Courtyard Gardens

Designing a courtyard garden is a challenge we relish at secret gardens. While larger gardens grant the freedom to include everything, including the kitchen sink, the tighter confines of a courtyard encourage so much creativity, as we work to make the most of every inch. A well designed courtyard will be used in its entirety, so it’s a joy to make every part of it perfectly functional and aesthetically spot on.

Separate want from need

Be realistic about what you really need from the space, because every inch counts and there’s no room to waste on an extra seating area that won’t be used, or a patch of lawn that’s not large enough to provide anything except a maintenance hassle. In deciding what you need, look at how you live and entertain; clients often request a dining table, but on reflection, conclude that the relaxed way they live is far more conducive to a lounge setting. Sometimes it’s possible to compromise with multipurpose pieces like built-in seating, which can be used for lounging, then paired with a collapsible table or similar when dining outdoors.

Keep materials simple

The last thing you want in a small space like a courtyard is visual clutter, so it’s crucial to keep the palette of materials simple, consistent and concise, from the flooring (large-format pavers look best) to the boundary fences, which are much more noticeable in a smaller space. The devil is very much in the detail here; while in a larger garden, there is plenty of room and different features to draw the eye, there’s nowhere to hide in a courtyard and any scruffy bits will stand out like a sore thumb. The secret is to keep it simple, without too much busyness, and to make sure every detail is spot on.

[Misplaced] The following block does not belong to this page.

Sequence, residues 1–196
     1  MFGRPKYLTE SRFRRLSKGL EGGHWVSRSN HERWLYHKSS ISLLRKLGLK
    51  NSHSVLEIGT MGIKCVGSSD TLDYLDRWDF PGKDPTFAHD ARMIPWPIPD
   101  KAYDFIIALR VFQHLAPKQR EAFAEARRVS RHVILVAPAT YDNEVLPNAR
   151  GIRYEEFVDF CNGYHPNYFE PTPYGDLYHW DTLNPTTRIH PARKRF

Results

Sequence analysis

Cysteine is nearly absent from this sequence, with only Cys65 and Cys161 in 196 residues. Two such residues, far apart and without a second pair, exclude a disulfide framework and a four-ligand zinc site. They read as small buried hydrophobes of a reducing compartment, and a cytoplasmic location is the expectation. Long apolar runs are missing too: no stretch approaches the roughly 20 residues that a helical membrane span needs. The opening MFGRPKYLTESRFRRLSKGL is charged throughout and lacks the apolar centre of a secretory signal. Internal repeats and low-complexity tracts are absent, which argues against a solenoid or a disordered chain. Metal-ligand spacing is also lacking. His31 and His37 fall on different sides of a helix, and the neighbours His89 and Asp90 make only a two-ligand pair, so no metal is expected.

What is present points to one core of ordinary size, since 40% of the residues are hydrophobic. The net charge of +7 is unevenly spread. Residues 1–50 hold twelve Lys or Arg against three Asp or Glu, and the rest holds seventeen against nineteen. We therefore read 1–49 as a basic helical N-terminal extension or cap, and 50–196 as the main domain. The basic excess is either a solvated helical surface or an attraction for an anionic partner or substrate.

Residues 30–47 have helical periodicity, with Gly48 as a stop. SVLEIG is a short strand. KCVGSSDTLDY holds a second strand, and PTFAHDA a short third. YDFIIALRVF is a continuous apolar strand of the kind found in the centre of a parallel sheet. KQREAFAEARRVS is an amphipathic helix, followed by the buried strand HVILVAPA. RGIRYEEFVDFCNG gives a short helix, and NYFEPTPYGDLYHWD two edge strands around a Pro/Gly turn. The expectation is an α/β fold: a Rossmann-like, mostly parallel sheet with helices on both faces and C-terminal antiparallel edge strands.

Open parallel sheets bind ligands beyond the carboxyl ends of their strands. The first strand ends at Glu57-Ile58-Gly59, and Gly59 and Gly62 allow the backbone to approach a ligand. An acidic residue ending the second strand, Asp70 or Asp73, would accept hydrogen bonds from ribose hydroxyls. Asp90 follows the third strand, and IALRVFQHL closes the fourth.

Planting for a small space

More than perhaps any other garden space, a courtyard planting scheme is driven by what’s going on in the neighbourhood around it. It’s likely that the view from the courtyard will be of the neighbours’ walls or gardens, so planting for privacy – with tall screening plants or a feature tree – becomes the number one priority. Balanced with this, it’s important that plantings make the most of sunlight, especially in winter, as dark and cold are common complaints of courtyards.

With only a little room to grow, there’s still plenty that can be done with plants to make the most of a courtyard. Climbers can be extended above the fenceline (with the neighbours’ permission) to increase privacy, or used to create a low-maintenance green wall. Ground-level beds can be extended out from the boundaries to balance out the hard materials and create a feeling of journey through the space. Different types and sizes of foliage can be layered, or pops of colour can be added to delight the eye.


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